1MCD TAKES COLLEGE PROFESSORS TO OCS/THE BASIC SCHOOL
By Cpl Chad Simon
| | July 08, 2002
MARINE CORPS BASE QUANTICO, Va. --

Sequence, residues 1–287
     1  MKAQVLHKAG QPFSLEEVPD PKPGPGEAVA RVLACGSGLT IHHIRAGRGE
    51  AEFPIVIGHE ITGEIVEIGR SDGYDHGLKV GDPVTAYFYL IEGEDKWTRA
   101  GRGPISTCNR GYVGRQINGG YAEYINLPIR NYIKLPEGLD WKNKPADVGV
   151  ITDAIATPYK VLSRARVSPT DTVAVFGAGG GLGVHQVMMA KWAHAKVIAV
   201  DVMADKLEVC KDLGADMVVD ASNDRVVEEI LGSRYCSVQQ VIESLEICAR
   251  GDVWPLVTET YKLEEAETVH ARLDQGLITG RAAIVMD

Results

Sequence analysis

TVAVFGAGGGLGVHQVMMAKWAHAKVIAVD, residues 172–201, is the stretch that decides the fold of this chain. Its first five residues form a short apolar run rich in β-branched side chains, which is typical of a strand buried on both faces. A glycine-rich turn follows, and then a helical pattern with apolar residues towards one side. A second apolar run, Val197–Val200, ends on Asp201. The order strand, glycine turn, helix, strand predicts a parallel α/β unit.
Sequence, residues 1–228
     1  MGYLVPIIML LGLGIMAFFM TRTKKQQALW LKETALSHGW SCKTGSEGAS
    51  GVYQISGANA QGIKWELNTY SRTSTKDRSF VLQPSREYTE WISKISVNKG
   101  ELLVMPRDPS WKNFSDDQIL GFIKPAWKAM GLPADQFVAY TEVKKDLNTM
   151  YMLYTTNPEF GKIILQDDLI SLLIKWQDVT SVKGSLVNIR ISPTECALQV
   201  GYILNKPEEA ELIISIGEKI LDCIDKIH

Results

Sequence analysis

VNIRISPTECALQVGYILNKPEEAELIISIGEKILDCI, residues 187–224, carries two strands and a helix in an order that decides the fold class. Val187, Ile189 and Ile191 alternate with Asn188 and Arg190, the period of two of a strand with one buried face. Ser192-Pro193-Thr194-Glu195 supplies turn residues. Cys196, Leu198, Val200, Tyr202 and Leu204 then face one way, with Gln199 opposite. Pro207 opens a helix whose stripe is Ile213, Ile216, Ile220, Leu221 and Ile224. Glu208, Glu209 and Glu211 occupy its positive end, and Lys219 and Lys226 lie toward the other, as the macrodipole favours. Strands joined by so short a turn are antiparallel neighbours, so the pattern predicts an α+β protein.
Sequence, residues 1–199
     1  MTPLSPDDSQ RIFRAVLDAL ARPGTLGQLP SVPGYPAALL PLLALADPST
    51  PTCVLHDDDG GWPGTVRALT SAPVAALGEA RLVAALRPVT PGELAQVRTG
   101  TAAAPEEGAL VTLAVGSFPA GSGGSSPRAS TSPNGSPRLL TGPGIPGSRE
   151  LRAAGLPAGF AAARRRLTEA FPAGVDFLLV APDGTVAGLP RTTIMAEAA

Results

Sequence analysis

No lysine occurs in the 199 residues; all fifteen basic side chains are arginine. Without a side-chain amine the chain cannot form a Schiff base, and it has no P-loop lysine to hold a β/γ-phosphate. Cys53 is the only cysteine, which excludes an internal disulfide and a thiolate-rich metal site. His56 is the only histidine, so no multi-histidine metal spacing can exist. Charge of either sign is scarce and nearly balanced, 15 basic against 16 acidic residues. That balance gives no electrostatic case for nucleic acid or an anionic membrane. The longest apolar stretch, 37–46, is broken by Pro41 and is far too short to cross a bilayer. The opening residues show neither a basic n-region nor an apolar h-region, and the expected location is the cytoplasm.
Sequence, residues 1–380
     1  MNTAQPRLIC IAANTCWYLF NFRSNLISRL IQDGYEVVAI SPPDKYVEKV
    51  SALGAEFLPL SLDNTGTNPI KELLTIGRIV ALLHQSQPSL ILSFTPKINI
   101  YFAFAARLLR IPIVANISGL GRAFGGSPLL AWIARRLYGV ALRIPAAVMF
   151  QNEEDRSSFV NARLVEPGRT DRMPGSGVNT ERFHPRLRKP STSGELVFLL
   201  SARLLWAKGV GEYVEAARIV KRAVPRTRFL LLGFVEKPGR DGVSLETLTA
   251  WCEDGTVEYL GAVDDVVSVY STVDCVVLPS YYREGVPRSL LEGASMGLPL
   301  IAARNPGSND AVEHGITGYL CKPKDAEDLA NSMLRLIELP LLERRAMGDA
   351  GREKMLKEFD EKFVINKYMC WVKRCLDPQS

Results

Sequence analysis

Educators from across the Northeast recently returned to their universities with more knowledge and power to offer future students.The college educators gained the knowledge at Marine Corps Base Quantico, Va., as part of a workshop hosted by the Officer Selection Officer of 1st Marine Corps District in Garden City, NY. While at Quantico, "The crossroads of the Marine Corps," the 21 educators were offered a sneak peek into the making of a Marine Corps Officer.The purpose of the workshop was to inform the college educators about the military and specifically the Marine Corps. "We wanted the educators to learn about the Officer program," said Capt. Melinda Rizer, Assistant Officer Procurement, 1st MCD, "We wanted to show them the benefits and find out how we can work together to help the students find the military if they so desire."Colonel William Smith, commanding officer of the Officer Candidate School, met and talked to the educators. He stressed the importance of leadership as an essential part of a Marine officer. "This is a leadership school, not a management school," he emphasized to the educators. Smith's words echoed those of General James L. Jones, Commandant of the Marine Corps, who said in a 1999 speech, "Leadership is the heart of our institution's character. It is the most important bond between Marines and is the basis for the Corps' achievements in peace and war." After a tour of OCS and The Basic School, Dr. Jim Thrasher of Grove City College, Grove City, Pa., said, "I have great respect for the Marines. I now have a better understanding and I am impressed with [the Marines] commitment. This is a very special place and it has been a neat opportunity for us."Thrasher also said that the Marine Corps and his institution have similar beliefs. "We have really wholesome leaders looking for an opportunity to lead. The Marines provide that opportunity." Dr. Thrasher has friends in the Marine Corps, but not all educators have that link to the Marines. Dawn Hemphill of Dartmouth College said, "I am very impressed with the program. It has been eye opening. I am impressed with the guiding principles of the (OCS) program."After seeing the officer program first-hand, many of the educators said they will help students pursue the Marine Corps as a possible career, according to Rizer. Even some of the educator's expressed a desire to become a Marine officer, "I am 44 now," stated Thrasher, " but if I was half as young I wish I would have the opportunity to do this."The 1st MCD OSO believes the educator's workshop was a monumental success and plans to offer the program to educators annually.